- You can get a foot down quickly when mountain biking
- Loss of power when pedaling hard
- Flat pedals and regular shoes are heavier
- You can’t pull up on the pedals
- Feet slip off and move around on bumpy terrain
- Less control of the bike for bunny hopping
- Slippy in wet conditions
- It’s easy to bang your shins
Clipless vs. Flat Pedals: How to Choose Based on Your Preferred Riding Style
As we touched on above, your riding style and individual preferences determine the type of pedal you will favor. To help you decide, we will compare flat vs. clipless pedals for road biking, mountain biking, gravel biking, and commuting.
Clipless pedal systems provide the most distinct advantage for road riding. Most road cyclists use single-sided clipless pedals for their lightweight build and the stiff soles on road shoes that allow maximum power transfer during hard efforts. Also, clipless shoes are—let’s face it—a fundamental part of the roadie uniform.
It can be overwhelming for beginner road cyclists to start using a road bike and clipless pedals at the same time. Road bicycles handle differently from other kinds because of their narrow handlebars and the distinct shifting layout and brake lever positioning.
SPD SL clipless pedals are the best choice for road biking due to offering better power transfer and more stability.
In addition, road bikes have aggressive aerodynamic riding positions. For this reason, it’s beneficial to become familiar with riding a road bike while using flat pedals, then make the change to clipless if you want.
Another point worth mentioning is you usually don’t need to clip in and out regularly when riding a road bike, making this process less of an issue. Likewise, most roadies don’t need to walk more than a few feet during rides, such as during a mid-ride coffee stop.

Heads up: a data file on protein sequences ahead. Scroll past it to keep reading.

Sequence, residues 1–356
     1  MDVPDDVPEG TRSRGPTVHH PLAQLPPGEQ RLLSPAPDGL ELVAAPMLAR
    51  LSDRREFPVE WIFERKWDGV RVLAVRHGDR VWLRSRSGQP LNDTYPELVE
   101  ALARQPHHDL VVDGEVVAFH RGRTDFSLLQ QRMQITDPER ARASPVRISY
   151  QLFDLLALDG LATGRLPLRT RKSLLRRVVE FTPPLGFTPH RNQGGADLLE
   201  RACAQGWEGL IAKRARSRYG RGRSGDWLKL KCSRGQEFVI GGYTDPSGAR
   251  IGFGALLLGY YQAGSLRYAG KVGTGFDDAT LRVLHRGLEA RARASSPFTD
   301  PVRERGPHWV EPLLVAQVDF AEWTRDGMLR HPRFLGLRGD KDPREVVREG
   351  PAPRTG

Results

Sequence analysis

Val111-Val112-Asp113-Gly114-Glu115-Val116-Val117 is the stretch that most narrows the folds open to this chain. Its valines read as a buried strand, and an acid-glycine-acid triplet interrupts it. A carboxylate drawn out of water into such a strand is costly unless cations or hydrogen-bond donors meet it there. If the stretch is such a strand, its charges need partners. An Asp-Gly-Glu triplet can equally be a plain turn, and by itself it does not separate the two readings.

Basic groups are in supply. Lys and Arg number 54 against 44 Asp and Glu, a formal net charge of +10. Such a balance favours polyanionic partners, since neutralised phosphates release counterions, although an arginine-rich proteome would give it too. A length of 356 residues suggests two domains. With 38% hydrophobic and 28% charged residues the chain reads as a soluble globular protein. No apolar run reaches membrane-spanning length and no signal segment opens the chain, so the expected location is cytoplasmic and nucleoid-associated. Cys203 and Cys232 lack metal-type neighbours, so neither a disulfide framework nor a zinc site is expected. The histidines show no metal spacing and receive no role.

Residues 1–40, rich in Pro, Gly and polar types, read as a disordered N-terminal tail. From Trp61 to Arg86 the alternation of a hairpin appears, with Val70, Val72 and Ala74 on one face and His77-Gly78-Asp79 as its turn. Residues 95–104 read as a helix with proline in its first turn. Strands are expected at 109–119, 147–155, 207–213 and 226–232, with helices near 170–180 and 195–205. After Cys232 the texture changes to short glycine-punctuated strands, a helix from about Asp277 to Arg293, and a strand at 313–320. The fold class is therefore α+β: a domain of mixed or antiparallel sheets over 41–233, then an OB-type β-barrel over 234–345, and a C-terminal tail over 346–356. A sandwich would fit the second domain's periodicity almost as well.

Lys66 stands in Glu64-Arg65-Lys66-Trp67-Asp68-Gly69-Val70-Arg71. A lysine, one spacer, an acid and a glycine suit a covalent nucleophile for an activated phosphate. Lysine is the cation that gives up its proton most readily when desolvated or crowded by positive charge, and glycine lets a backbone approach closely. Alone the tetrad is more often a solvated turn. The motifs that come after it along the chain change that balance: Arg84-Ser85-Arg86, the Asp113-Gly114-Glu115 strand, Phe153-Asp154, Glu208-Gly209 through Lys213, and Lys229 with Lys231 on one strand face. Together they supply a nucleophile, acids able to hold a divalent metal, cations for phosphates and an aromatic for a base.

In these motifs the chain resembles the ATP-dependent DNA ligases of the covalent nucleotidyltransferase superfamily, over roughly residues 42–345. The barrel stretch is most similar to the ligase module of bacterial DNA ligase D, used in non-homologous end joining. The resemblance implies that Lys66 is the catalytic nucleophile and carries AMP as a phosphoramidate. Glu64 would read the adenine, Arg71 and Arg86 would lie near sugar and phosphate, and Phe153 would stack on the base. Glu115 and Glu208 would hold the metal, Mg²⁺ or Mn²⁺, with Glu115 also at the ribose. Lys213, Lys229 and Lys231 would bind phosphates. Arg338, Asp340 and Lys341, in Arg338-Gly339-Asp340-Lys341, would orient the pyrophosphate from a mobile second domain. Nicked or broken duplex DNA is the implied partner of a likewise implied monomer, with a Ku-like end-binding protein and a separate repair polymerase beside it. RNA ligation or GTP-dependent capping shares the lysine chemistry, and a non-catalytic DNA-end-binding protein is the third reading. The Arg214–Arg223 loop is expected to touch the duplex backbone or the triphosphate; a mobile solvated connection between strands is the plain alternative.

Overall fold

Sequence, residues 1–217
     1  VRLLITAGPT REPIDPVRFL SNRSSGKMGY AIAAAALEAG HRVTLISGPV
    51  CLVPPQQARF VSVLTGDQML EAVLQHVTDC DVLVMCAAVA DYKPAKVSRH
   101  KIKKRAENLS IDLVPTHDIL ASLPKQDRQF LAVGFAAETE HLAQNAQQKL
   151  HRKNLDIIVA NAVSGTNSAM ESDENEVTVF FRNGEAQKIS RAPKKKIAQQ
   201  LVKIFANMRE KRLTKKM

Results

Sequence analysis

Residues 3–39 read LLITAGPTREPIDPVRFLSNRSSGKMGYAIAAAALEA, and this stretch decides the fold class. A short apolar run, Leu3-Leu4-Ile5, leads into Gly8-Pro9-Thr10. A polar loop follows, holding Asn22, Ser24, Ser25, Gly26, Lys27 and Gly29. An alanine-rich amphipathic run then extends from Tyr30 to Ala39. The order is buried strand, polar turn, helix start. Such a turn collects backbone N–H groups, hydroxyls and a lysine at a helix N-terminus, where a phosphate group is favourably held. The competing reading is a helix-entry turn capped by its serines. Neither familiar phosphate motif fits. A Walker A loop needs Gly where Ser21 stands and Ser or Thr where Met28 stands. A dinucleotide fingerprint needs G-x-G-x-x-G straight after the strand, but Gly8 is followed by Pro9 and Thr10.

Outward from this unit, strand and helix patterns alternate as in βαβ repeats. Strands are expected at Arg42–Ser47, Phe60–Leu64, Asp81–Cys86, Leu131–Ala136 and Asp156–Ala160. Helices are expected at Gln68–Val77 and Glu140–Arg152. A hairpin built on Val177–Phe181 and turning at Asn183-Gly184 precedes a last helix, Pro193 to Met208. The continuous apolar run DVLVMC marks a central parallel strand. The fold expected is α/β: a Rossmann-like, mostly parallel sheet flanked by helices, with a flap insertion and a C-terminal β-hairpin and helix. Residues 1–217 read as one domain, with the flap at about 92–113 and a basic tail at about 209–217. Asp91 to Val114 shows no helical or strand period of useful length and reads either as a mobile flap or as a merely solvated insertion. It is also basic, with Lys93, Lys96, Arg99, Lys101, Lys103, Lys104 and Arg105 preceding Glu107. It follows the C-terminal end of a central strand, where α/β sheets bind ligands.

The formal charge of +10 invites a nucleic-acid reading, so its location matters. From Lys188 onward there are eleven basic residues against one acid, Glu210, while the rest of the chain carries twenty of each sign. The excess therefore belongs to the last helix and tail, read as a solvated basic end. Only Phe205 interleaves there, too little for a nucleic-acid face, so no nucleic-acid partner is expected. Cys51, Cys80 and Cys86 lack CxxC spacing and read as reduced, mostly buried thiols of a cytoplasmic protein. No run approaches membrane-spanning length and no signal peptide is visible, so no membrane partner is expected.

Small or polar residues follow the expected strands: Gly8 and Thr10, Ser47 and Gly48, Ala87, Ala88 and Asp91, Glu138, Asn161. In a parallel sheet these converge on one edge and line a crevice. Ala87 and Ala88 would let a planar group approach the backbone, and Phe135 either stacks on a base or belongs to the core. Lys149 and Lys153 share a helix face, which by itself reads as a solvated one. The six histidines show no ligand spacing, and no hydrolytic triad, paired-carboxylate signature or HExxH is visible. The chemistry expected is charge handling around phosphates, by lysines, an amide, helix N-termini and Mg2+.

In summary, clipless pedals for road biking outperform flat pedals in most respects, so if you’re willing to spend the extra money and time setting them up, we recommend giving them a try.
Whether to ride flats or clipless pedals in mountain biking is contentious. It’s hard to dismiss that most professional MTB riders use clipless systems for their performance advantage in high-level riding. However, the better choice for the average MTB rider is harder to determine, with a slightly higher percentage of mountain bikers now choosing clipless pedals.
Mountain biking clipless pedals are easier to clip into than road pedals, and it takes a lot to block them, although it can happen in very muddy conditions. In addition, they allow riders greater control and maneuverability on the bike, more efficient pedaling when climbing, a consistent foot position, and eliminate the chance of ‘shinning’ yourself if your foot slips.